Charles Schwab is going through the process of digesting its TD Ameritrade acquisition, and senior executives have spoken about some of the tough decisions they are having to take as well as their predictions for the North American wealth management space. We report from Schwab's annual Impact conference.
Top Charles Schwab executives mixed tough love with confidence and optimism about the future of independent advisory firms as the industry’s largest custodian kicked off its 30th annual Impact conference yesterday.
Just a day after cutting 1,000 jobs in the first throes of digesting the newly-acquired TD Ameritrade custody business, Schwab chief executive Walt Bettinger told over 2,000 advisors watching the virtual conference that more job losses were “still to come.” (See here for the report of that deal's completion.)
Bettinger saluted the departed TD employees in his keynote address, saying it was “not easy to part ways” with them, but noted the “great deal of change” the year has brought so far. “Frankly,” he warned, “there are some tough days ahead.”
Notable TD executives who won’t be joining Schwab include Tom Nally, Steve Boyle, Peter deSilva, Prashant Bhatia, Peter Dorsey, Jim Dario and Kate Healy.
In a call with reporters on Friday, Bernie Clark, Schwab’s head of advisor services, referred to the events shaping 2020, including the COVID pandemic, recession, high unemployment and a contentious presidential election as a “period of uncertainty.”
On Tuesday, however, Bettinger and Clark expressed confidence that the future was bright for advisors - and the bulked-up Schwab.
Citing Schwab’s just-released Independent Advisor Outlook Study, Clark said that the RIA business was “thriving” and producing growth rates of 8 per cent to 10 per cent. Bettinger noted that Schwab had “adapted quickly” to the pandemic, opening virtual offices with 95 per cent of its workforce working from home.
Wealth managers also proved to be “surprisingly resilient” in the wake of the coronavirus’ impact on the economy, Doug Regan, co-chair of Chicago-based Cresset Capital, said in an interview.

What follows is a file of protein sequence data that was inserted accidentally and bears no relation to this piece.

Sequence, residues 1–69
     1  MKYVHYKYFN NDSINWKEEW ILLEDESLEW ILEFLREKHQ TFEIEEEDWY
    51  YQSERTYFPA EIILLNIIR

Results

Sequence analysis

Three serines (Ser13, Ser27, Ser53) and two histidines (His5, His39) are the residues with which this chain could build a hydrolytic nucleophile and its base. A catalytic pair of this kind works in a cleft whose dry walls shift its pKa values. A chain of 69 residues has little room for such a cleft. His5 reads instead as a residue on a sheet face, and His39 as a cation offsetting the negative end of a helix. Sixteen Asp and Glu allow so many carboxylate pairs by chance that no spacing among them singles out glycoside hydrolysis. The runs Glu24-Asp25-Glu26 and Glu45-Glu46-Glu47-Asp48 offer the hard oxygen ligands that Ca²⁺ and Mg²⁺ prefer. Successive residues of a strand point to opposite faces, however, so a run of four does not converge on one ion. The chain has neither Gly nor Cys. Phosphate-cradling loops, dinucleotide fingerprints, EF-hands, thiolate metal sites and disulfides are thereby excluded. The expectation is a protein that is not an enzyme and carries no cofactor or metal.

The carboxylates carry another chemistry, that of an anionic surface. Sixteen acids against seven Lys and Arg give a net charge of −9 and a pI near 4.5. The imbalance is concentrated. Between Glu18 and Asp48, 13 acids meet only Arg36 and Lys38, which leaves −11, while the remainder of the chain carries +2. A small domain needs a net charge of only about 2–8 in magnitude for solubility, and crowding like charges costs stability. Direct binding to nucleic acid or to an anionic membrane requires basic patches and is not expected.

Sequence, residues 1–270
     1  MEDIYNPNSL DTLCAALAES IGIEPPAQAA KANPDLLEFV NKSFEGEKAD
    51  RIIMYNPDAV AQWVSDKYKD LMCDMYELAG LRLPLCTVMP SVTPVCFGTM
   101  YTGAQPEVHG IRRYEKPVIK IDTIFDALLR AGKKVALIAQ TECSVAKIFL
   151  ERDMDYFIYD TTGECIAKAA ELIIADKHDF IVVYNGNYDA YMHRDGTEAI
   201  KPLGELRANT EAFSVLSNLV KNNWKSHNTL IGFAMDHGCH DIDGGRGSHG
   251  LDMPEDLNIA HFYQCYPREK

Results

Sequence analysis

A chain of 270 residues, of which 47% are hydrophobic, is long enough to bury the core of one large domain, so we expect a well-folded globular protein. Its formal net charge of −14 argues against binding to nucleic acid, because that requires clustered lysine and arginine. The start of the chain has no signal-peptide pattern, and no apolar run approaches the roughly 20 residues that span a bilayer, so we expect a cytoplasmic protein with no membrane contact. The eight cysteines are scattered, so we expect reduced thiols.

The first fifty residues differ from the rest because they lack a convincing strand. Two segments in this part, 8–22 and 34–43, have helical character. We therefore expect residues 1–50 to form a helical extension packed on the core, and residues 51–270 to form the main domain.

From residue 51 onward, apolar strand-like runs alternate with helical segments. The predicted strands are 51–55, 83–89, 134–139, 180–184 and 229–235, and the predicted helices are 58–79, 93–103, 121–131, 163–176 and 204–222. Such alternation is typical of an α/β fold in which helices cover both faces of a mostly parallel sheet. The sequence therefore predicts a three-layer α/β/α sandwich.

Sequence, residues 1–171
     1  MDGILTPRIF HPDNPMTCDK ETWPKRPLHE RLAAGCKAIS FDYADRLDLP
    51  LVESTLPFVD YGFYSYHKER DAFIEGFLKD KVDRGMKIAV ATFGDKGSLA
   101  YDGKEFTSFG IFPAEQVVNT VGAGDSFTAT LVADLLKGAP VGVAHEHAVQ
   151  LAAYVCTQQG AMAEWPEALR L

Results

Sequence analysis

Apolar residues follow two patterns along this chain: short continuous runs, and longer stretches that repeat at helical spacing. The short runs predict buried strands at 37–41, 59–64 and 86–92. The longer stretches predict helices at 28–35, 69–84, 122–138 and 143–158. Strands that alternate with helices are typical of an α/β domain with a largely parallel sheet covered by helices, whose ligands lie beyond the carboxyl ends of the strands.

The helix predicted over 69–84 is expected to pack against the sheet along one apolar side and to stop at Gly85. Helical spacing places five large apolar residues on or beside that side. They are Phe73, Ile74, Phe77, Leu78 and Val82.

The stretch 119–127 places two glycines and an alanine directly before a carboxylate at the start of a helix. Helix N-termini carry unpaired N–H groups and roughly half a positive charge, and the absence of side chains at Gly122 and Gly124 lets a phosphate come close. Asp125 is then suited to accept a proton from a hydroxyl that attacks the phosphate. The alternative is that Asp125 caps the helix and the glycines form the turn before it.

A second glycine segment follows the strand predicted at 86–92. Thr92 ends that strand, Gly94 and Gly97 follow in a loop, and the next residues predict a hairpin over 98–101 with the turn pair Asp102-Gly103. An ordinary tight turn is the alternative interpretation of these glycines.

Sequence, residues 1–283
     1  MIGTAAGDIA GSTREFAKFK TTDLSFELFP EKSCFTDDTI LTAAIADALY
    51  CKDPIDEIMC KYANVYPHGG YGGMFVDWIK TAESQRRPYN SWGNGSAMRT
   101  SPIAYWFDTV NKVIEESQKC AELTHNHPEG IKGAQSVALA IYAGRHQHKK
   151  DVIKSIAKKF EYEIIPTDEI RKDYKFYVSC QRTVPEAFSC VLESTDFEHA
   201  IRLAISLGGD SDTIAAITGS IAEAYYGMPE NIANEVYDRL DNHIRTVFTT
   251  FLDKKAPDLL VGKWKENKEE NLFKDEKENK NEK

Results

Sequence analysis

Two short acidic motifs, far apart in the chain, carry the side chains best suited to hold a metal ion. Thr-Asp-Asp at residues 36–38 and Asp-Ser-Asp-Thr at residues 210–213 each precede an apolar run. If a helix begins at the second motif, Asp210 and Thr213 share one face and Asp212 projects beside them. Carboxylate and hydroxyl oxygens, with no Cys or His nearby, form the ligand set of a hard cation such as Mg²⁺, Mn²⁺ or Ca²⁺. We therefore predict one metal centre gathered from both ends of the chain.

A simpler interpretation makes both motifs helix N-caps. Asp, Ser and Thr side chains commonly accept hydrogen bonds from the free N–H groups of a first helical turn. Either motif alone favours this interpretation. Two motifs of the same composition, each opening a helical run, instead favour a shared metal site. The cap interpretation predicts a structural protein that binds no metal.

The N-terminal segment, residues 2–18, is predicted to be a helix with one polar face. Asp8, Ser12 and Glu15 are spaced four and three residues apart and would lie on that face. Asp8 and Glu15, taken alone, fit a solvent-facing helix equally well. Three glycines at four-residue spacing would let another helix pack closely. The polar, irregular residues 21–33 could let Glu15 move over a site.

Advisors benefitted because the pandemic resulted in a “stronger reliance on people you trust,” Regan said, adding that the phenomenon has resulted in organic growth of net new clients for his firm.
What TD advisors can expect
At the conference, Bettinger and Clark assured advisors who custodied with TD Ameritrade that there would be no minimum for assets under management or custody fees.
And while the Schwab Advisor Center will be the foundation of the custodial platform, popular TD programs including Veo and ThinkorSwim will be included.
“We will grow the capabilities from both Veo and Veo One on top of that platform,” Clark told advisors. “We recognize Veo has some fantastic capabilities and over time we’ll continue to incorporate those.”
The all-stock acquisition of TD Ameritrade, valued at $22 billion, closed earlier this month. “It’s early days,” Clark noted, adding that the complete integration of the two companies and its approximately 30,000 employees could take as long as three years.
Even so, Schwab’s dominance is already evident. The RIA custodian and digital and discount brokerage firm has $6 trillion in client assets, works with 10,000 advisory firms and controls 51 per cent of the RIA custodial market.
The merger, according to the firm’s founder and chairman, Charles Schwab, “isn’t about being the biggest. It’s about being the strongest.”